"The best thing I can do for my country in this role, I think, is to continue to challenge and to work with all Australians and particularly our governments to stabilise our climate.

John Howard's Inner Green Embracement

The Australian prime minister has undergone one of the most dramatic transformations of all the world's key global warming deniers.

Naturally, he first had to be guided into finding, or creating, and then embracing his inner greenie by the Business Council of Australia, who directed him to do more to fight global warming once the nations' largest corporations realised how dramatically sudden climate change would affect their profit margins.

And no doubt, 18 months worth of polls that revealed Australians regard global warming and climate change as a greater threat to their lives, and livelihoods, than terrorism could have only helped the prime minister to realise climate change would be a key federal election issue in 2007.

On his side was the fact that Australians, like most people, really do have short memories.

Australians will always wonder just how different things might have been had Howard acted earlier.

And they will wonder this plenty in years to come if climate change, supposedly the result of global warming, grows more and more severe and smashes the country and hammers the economy, with superstorms, waterless towns, more and more acute drought and crumbling coastlines.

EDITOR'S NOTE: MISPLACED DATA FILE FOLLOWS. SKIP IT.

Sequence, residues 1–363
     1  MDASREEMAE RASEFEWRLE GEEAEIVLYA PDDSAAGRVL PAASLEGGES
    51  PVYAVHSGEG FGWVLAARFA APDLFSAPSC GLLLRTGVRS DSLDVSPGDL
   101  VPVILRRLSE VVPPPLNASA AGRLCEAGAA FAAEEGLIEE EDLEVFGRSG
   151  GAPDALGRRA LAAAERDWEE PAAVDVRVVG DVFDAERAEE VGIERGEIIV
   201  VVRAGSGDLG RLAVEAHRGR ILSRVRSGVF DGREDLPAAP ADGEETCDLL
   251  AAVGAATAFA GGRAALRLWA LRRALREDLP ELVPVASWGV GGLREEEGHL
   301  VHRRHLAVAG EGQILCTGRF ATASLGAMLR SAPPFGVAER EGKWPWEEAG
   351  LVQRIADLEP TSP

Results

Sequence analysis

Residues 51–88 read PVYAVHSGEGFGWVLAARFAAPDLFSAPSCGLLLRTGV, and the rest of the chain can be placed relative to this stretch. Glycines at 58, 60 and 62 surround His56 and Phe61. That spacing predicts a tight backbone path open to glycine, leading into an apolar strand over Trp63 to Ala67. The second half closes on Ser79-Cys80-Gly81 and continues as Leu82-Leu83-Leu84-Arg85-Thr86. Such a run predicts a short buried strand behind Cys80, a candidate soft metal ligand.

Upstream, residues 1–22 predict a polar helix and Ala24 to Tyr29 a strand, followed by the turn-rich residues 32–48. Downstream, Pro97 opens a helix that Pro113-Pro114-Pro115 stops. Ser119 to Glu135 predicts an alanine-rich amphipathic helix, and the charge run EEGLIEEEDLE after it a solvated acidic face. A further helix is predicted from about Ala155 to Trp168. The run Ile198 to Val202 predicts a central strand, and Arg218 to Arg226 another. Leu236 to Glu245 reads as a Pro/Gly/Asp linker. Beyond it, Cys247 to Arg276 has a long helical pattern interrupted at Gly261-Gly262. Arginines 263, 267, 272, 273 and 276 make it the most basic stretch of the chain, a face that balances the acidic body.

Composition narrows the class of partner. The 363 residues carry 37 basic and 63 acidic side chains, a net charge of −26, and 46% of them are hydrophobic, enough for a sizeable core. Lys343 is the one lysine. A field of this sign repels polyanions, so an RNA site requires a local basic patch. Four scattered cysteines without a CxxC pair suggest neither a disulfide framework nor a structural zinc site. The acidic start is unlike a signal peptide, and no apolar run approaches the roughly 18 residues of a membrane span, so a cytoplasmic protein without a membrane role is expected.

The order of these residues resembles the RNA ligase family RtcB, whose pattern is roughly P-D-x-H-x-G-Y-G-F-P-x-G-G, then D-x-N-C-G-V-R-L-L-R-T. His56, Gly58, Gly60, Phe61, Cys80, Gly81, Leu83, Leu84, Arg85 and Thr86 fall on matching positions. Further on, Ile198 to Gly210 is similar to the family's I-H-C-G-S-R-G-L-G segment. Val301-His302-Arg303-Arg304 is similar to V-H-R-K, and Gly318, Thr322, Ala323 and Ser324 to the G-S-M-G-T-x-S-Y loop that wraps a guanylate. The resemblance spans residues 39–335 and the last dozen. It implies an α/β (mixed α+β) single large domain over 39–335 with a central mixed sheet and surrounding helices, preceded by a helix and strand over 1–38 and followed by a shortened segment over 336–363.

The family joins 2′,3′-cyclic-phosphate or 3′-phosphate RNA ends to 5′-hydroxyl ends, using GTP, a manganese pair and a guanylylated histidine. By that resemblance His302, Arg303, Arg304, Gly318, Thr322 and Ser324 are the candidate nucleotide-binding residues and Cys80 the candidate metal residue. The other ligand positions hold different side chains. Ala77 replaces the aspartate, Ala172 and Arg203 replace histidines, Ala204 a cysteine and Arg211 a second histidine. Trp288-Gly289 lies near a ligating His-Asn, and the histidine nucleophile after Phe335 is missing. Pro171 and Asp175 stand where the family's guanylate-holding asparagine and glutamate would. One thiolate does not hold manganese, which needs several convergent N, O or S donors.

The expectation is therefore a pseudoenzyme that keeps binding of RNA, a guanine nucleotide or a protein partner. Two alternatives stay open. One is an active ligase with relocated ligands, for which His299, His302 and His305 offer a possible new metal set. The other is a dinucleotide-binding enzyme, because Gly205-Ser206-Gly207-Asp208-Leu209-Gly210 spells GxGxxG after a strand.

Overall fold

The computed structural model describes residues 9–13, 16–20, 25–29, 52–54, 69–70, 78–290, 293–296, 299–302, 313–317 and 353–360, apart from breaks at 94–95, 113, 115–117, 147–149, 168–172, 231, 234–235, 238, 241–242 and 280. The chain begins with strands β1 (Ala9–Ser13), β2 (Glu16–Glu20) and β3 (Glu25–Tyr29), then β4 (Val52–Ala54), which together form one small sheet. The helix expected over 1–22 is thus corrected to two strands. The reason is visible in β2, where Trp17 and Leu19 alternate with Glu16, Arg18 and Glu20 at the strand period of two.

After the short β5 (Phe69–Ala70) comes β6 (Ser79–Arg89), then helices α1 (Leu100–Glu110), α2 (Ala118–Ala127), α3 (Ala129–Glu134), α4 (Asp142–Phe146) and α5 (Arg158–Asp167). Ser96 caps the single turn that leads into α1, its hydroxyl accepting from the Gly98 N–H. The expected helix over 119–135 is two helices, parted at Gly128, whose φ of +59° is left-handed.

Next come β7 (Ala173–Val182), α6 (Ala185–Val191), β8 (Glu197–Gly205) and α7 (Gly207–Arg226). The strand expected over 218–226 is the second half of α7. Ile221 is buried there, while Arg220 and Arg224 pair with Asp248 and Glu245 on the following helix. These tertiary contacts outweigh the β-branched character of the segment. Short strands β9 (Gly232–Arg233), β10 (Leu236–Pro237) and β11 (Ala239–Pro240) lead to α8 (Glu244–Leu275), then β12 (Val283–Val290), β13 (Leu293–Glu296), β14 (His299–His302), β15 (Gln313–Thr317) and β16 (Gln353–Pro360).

And Flannery, no doubt, will be there to remind them just how late the Howard government was in coming to the 'Climate Change Realism' table and beginning the transformation of Australian industry, water, rivers, forest management and pollution control.

Howard now denies his years of denial.

He was only being cautious, he claimed a few days ago :

I think we've been more measured than others. I don't think we've been indifferent or neglectful. I do think you have to look at the two things of climate change and water scarcity together.

So now Howard's a Climate Chang Realist, how exactly does he define climate change realism?

By defining it as real? Not quite :

(Climate change realism) means looking at the evidence as it emerges and responding with policies that preserve Australia's competitiveness and play to our strengths.

"There does appear to have been a contraction to the south in the weather systems which traditionally brought southern Australia its winter and spring rains.

"Our rainfall has always been highly variable. The deviation around average rainfall is enormous. And it seems to be getting bigger."

Howard hasn't really embraced his inner greenie, it wasn't there to begin with.

He doesn't really believe in climate change or global warming, but believes he has to be seen to be, at the very least, semi-believing, because 70% or so of Australians already believe, and they will be voting this year based on their beliefs.

Now he's hedging his bets, after finally stepping up to the table, but the losers will be the youngest generation today if he doesn't come up with a handful of aces.

John Howard : "...The Accumulated Evidence Is Undeniable, There Is Global Warming Occurring... Climate Change Is Occurring..."

Young Australian Of The Year Wants To Bring Back A Fair Go For Indigineous People

Government Claims Its $10 Billion Water Plan Will Be World Leader

Australian Of The Year Tim Flannery On What It Means To Be An Australian, Our Nuclear Future And The Federal Government's Awakening To The Realities Of Climate Change

Full List Of 2007 Australia Day Honours